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13 August 2007

The Muslim view of the Grand Canyon

In Salon (the article is free to read, non-members need to sit through an advert) today, Steve Paulson interviews Turkish physicist Taner Edis, the author of "An Illusion of Harmony: Science and Religion in Islam" on the state of science in the Muslim world. What is interesting is not that the religious culture that gave modern science (among other things) algebra and the number zero has become a scientific backwater but how much the Muslim world's fundamentalists have in common with the Christianity's fundamentalists on scientific issues:

SP: Is the critique of Darwinism basically the same as what you'd find from American creationists?

TE: Much of the rhetoric is similar. There are only so many ways you can argue against evolution, only so many ways you can say the fossil record doesn't tell you what the biologists say. But there are also differences. For example, in American creationist circles, one of the stronger options is "Young Earth creationism." People who read the Book of Genesis literally believe in a creation that happened 10,000 years ago, literally done in six days. But the Quran is much vaguer about the time frame of divine action. Therefore, they are not as committed to fitting earth history into thousands of years. So Muslim creationists are almost invariably "Old Earth creationists." They tend to think of Noah's flood as a local event -- not such a big thing -- unlike the American creationists who think of the flood as the major geological event in earth history. So there are lots of differences that adapt creationism to the Islamic context.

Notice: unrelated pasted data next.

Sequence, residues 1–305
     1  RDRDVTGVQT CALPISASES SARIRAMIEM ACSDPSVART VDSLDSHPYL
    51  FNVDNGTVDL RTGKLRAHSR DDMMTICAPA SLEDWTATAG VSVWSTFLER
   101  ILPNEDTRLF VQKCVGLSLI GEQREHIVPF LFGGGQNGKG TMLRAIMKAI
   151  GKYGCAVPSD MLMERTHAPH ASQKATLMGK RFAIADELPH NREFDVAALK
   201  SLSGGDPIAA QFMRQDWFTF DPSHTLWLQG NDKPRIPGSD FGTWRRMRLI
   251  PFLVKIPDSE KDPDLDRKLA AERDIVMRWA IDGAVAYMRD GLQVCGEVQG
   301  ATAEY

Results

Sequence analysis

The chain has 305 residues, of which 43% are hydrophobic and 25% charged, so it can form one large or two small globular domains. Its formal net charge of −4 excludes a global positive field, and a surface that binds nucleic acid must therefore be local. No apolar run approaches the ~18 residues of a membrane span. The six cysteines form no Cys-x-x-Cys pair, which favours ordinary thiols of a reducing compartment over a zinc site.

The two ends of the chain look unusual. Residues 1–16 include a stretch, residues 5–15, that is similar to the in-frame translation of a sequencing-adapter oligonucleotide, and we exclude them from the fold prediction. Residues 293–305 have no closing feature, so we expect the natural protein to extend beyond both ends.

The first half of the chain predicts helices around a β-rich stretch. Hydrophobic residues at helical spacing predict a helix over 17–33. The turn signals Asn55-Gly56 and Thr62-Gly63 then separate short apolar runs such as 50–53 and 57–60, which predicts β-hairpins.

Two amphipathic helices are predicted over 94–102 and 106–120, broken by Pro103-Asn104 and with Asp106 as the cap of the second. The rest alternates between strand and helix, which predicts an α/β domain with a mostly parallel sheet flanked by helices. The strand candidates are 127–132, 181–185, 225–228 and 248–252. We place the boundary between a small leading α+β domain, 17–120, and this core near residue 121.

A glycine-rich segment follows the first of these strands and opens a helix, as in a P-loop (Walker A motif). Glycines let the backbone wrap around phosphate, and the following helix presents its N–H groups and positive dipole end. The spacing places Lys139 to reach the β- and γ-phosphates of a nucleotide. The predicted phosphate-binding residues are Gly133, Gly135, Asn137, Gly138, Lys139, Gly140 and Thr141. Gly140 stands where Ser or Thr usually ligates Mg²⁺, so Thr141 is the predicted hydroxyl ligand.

Reading this made me flash back on one of my last trips to the Grand Canyon, when I was explaining the geologic history of the canyon to a non-scientist friend. A guy walked up to me, out of the blue, to tell me that the story I was telling was completely wrong, because the Bible tells us that the Canyon and all of the rocks were formed in the Great Flood. That guy is backed by the western world's most visible religious fundamentalists, so mainstream that even Al Gore famously waffled on Darwin during the 2000 campaign.

Yet for all the disagreements I might have with a Muslim fundamentalist about science (or about many other things) he wouldn't have had any serious problems with the standard scientific explanation for the formation of the Grand Canyon (at least until I got to the part about what fossil evidence tells us about evolution in the Paleozoic).

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